In 1822, Dickens’s father was sent to debtor’s prison, which would become his family’s new home. Dickens had no formal education from this point on, as his family was completely bankrupt. This unusual upbringing is likely the main contributor to his interesting writings. The themes of his writings often include poverty, horrid living conditions, and stingy upper-class citizens. These themes are known as Dickensian, and are apparent throughout his hundreds of stories. While he stayed in prison, he read extensively as a pastime and for education. After several months in prison, his grandmother died and left a will containing enough money to allow them to be released from prison.

Even though he no longer lived in prison, Dickens still lived in poverty for years. Later in life, he was very generous to the poor, and was eager to invest in new businesses.

In all, Dickens wrote fifteen novels, edited a newspaper for twenty years, and wrote hundreds of short stories before his death in 1870.

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The Prince by Machiavelli

The Prince is an amazing literary work, as the points made in it are still valid today, almost five hundred years after its publication. In his masterpiece, Niccolo Machiavelli uses a wide array of evidence to support his ideas, including, historical fact, legends, and direct quotations from historical figures. The ideas presented in The Prince are almost impossible to argue with, as they are presented along with many facts that support them. The Prince utilizes historical facts as well as current events to its advantage; however, it also uses more obscure and unusual ways of creating a picture of the perfect ruler.

By far the most prevalent form of evidence included in The Prince is historical fact. The book references many famous historical figures such as Hannibal, Scipio, and Ferdinand of Aragon. The author then judges their leadership, and applies his ideas to their rule. Although he often criticizes the rule of others, he also commends those that he admires. While addressing the problem of overspending, Machiavelli states “The present king of France wages almost constant warfare without imposing any extraordinary taxes on his country” (Foresman 396). By analyzing the different tactics used by various rulers, Machiavelli is able to easily compare and contrast complex issues, such as whether a ruler should be miserly or liberal. Overall, the usage of historical figures as a way of testing ideas is an ingenious and practical way of proving a point.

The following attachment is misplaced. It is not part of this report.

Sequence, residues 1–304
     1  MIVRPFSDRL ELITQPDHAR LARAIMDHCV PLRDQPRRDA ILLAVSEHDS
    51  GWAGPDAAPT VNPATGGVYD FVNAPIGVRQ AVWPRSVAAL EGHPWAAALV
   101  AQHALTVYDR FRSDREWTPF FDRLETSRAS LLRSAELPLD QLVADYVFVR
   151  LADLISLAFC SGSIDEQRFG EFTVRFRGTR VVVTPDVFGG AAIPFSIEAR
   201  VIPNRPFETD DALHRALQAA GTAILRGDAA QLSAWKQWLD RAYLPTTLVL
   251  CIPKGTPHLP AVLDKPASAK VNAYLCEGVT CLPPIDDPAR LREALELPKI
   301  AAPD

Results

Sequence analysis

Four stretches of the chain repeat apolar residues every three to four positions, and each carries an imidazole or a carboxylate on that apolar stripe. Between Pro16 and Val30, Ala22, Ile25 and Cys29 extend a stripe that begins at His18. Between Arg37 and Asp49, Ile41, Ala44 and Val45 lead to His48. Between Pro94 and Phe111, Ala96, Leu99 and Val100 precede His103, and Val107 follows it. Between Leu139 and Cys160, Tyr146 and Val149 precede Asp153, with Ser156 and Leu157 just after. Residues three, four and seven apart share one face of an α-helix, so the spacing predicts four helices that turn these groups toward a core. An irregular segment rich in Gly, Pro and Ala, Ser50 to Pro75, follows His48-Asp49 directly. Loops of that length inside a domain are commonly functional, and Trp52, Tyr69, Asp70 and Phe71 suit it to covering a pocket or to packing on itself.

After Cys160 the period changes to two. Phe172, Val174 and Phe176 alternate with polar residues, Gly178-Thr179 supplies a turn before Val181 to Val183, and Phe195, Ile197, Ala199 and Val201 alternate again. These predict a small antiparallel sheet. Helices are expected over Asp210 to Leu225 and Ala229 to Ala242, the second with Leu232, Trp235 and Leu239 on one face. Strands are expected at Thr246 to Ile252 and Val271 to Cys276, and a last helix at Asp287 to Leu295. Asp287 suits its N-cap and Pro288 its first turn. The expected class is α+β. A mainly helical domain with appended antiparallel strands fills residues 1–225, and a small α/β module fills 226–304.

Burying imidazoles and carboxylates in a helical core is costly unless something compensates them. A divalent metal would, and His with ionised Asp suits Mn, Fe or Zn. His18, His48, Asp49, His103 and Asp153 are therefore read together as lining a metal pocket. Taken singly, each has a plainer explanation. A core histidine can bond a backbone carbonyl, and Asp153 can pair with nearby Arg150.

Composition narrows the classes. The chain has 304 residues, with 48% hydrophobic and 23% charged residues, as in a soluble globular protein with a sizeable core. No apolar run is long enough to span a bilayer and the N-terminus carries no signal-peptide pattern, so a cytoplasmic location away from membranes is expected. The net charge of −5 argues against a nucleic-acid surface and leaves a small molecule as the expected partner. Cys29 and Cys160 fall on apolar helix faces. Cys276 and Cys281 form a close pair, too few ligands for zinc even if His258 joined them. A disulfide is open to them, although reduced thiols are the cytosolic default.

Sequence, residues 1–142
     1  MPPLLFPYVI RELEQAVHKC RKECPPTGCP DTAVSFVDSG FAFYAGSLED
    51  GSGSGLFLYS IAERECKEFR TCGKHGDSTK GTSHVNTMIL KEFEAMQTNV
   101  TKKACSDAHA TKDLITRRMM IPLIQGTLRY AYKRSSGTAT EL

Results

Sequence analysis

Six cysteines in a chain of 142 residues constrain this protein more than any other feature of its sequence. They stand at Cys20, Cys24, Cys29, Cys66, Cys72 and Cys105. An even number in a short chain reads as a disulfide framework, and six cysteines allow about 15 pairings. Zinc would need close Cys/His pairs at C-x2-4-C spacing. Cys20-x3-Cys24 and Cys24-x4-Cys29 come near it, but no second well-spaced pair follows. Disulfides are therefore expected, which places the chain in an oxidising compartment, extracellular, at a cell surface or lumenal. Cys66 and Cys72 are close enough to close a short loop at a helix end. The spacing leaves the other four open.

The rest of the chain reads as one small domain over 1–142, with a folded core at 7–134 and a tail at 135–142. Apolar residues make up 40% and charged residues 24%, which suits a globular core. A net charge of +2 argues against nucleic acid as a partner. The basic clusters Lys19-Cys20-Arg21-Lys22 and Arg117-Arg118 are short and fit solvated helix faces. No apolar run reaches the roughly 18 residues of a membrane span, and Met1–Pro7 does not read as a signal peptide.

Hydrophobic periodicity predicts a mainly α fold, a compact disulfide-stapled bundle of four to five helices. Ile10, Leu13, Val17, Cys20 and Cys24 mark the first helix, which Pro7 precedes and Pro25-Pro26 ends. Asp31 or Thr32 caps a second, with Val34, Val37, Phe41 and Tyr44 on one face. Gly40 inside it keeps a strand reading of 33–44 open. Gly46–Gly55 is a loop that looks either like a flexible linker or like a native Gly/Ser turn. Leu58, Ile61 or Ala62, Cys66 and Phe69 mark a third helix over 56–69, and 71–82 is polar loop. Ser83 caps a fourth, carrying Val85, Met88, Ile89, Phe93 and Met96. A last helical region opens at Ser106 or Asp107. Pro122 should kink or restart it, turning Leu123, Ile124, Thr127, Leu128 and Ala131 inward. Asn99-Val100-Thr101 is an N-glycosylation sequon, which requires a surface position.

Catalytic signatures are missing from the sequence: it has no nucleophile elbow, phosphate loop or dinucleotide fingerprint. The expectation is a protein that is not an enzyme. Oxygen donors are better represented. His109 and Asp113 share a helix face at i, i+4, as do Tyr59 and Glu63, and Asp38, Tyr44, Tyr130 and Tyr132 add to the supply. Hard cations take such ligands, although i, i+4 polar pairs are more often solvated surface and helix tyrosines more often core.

Another way that Machiavelli describes how a ruler should rule is through legendary references. Although these references are minor, they are very interesting. In his chapter titled “How Princes Should Observe Good Faith”, Machiavelli references Achilles and Chiron. These two figures would have been widely recognized at the time of the book’s publication, and readers would instantly identify with them. Another unusual way in which Machiavelli describes the ideal ruler is by comparing him with two different animals. Machiavelli states that the ideal ruler “should take as his models among the beasts the fox and the lion” (Foresman 399). The ruler should be able to detect traps like a fox, and then fight off enemies like a lion. Using this analogy, Machiavelli avoids complex and confusing ideas and statements. By using simple wording and beasts that every reader understands, Machiavelli creates a simple concept that is very different from the rest of the book.